First, sit quietly, close your eyes, and notice your breath. Once you have settled, start to imagine your demon. Visualise it leaving your body and going to sit on the seat opposite. Imagine its shape and colour, and allow it to become more intense until it is personified. The first time I did this exercise I identified my demon as my indecision when I was at a crossroads in life. I wrote afterwards; “the energy came out of my chest and slimed across to the opposite stool. It was brown and male with sucky feety hands coming off stick think limbs that kept moving; push me pull you. Sticky, clingy, pulling away.”
Next, you are going to start a dialogue with your demon.
Ask your demon: What do you want? What do you need? How will you feel when you get what you really need? Give time and space to this, and then swap seats to your demon’s place, to answer the questions.
In my notes about the demon of indecision, I wrote: “It wants to keep me safe, protect me, and show me the risks so I don’t go down the wrong path. It was moving all the time, and its restlessness was suffering. When it got what it needed it would feel happy, safe, and still.”
The next step is to swap back into your original place and feed the demon! Now we visualise dissolving our own body into nectar and allowing it to pour into the demon until it has had enough. We give our demon the positive things it needs to feel safe, happy or peaceful. We notice as the demon morphs. It might change colour and shape. It might disappear completely. Give it time.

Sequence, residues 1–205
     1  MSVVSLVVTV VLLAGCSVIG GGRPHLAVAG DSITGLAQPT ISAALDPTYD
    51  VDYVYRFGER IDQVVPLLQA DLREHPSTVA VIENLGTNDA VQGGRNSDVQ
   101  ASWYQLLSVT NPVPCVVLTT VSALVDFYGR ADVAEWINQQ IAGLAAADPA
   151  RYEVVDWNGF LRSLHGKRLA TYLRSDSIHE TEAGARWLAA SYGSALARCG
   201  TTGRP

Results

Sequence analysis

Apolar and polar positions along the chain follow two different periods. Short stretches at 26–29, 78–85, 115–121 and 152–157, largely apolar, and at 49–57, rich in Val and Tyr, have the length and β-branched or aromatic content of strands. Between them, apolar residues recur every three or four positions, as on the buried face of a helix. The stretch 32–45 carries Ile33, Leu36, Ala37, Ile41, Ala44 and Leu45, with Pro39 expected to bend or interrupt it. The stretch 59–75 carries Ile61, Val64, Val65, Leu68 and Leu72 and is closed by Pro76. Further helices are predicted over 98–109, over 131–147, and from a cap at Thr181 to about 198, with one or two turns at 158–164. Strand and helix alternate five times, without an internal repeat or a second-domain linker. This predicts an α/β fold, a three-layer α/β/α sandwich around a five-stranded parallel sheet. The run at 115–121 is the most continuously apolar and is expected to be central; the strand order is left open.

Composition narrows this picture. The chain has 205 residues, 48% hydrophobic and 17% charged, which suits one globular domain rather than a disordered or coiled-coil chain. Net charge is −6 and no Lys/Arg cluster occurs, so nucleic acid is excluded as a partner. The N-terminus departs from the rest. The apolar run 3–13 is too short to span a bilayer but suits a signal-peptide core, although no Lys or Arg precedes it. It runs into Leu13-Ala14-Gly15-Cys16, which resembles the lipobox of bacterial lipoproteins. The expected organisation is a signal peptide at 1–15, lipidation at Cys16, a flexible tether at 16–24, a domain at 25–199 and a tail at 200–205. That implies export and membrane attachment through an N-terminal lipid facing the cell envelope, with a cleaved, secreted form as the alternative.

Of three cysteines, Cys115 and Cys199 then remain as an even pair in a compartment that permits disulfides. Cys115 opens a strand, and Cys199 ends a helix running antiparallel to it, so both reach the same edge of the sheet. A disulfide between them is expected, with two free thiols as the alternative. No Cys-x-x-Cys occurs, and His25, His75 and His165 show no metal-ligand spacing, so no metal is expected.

The demon is fed, but there is another lovely stage to this meditation. Now it is time to invite an ally to come into the place of the demon, if they have not already appeared in the seat opposite! After noticing details of your visualised ally, you ask it: How will you help me? How will you protect me? How can I access you?
In my notes about that first experience I wrote: “First I saw a burning torch, then I thought it needed a person so Syd, the gardener, appeared to carry the torch. He said ‘I will help you by guiding you, lighting the way and making sure the path ahead is safe. I will protect you by flashing my torch on the road ahead so you can move forward fearlessly. You will summon me by moving forward. I will always be ahead, clearing and lighting your path.’
I see this exercise as a focused, imaginative, playful meditation, that can also be deeply revealing and comforting. If you don’t think this would be a safe experiment for you to try, then give it a miss. But if you feel like trying something new to break a mood cycle, you could give it a go. At the end, Lama Tsultrim Allione invites us to imagine the ally dissolving into light, and then to feel it dissolving into ourselves and integrating this luminosity into every cell of our bodies. My favourite ally came in a more recent go at this exercise, when I was fretting about something mundane. Instead of Syd the gardener, my ally was a beautiful, winged horse, who said “These material, earthly things are like rocks in your shoes weighing you down. Come on my back and fly with me up into the air, looking over the whole, beautiful, wide world.” I asked, how will I find you? “Look up! Look up at the enormous sky. Not so much looking down. Look up, remember the sky, and we can fly.”
Now, when I find myself in a negative rut, I sometimes remind myself to picture that beautiful winged horse and our flight above the fields and forests. Perhaps it is a mental trick, but I think it’s a harmless and uplifting pick-me-up, reminding me to break a pattern and look up. And it’s free! I wonder if you’ll try it.